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Post-Modern Humour

October 30, 2009 1 comment

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Yes, I know it’s a contradiction in terms.

Many more erudite writers than me have pointed out that post-modernism precludes humour, because it stems from the comforting myth of “inclusivity” — that we are all the same in a happy, sharing and cooperative world. [Cue: Sing “We Are The World”].

Humour, of course,can only exist in the interstices between people’s characters, habits and attitudes; humour is a way of looking at differences, while post-modernism seeks to eliminate those differences from human nature, in a doomed attempt to create New Serious Man.

Post-modernism, then, is life without humour, as expressed through the language of political correctness. We may think it’s funny when we hear that the singing of ‘White Christmas’ has been banned for fear of giving offence to coloured people, but our amusement only lasts as long as it takes for us to realise that they are grimly serious.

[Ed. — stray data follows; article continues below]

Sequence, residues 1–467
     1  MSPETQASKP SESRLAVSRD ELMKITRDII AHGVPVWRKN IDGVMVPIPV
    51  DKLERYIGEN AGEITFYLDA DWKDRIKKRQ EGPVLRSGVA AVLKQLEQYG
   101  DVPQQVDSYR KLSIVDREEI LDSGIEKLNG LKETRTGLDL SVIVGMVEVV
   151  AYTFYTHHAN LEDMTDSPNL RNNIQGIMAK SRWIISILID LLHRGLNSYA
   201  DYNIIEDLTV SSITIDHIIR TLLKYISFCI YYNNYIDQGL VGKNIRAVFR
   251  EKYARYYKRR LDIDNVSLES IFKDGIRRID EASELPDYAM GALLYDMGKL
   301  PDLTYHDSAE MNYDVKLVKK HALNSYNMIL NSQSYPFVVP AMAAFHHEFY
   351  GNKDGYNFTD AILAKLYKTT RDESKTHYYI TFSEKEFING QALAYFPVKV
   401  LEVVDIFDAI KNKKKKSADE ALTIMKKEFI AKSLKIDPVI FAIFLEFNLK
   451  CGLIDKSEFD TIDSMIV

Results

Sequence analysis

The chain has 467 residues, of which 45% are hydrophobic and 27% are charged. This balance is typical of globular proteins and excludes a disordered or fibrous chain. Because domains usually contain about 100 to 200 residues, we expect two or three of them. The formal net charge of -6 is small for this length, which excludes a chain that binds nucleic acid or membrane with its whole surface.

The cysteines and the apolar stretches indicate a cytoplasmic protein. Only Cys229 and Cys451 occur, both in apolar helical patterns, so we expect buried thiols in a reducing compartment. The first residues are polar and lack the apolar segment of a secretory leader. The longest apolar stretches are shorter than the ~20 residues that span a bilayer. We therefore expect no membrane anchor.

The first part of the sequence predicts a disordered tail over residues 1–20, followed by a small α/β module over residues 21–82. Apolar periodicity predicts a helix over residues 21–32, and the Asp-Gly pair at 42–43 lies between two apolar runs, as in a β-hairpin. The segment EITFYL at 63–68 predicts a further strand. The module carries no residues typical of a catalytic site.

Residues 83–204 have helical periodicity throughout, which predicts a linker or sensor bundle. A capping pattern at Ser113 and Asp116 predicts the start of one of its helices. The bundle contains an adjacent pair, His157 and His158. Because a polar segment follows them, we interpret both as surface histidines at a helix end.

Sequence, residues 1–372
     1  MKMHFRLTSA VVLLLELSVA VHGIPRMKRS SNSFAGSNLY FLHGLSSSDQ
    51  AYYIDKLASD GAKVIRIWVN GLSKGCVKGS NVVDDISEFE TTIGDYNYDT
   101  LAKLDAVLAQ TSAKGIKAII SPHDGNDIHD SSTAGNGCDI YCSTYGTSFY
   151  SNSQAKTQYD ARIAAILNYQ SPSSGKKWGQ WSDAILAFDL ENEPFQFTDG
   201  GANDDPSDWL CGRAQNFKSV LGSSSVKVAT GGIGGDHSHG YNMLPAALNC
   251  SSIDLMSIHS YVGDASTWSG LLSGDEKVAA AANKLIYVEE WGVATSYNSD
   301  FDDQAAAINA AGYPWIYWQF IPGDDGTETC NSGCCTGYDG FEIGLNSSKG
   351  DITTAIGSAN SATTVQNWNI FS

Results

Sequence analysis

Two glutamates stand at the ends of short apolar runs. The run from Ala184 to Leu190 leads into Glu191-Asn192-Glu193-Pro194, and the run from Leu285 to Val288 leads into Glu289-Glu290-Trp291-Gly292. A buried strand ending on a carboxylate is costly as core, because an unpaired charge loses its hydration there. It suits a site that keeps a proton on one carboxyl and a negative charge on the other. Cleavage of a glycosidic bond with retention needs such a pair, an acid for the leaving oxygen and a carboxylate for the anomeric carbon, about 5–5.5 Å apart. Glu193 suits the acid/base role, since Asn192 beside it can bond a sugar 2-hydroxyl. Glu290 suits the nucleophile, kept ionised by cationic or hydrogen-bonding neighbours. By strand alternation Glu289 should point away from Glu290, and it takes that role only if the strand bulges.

The humour in post-modernism, almost by definition, can only be unconscious.

And so we read that the UK’s Health and Safety Executive has banned children from playing the game of conkers, a charge which they deny: “This is one of the oldest chestnuts around, a truly classic myth,” said an agency spokesman — sorry, spokesperson. It is fair to assume that this individual knew subconsciously that a “conker” is in fact the same as a chestnut, and the association stuck in his mind when preparing his response.

Of course, if it were deliberate humour, the individual will long since have been reprimanded for ‘trivialising an important issue’.

But it points out that we have to be careful, when writing, to be aware of our tendency to subconsciously cling on to words. I notice in my own writing that similar adjectives, which I happen to like that day) appear in successive paragraphs much more often than they should.

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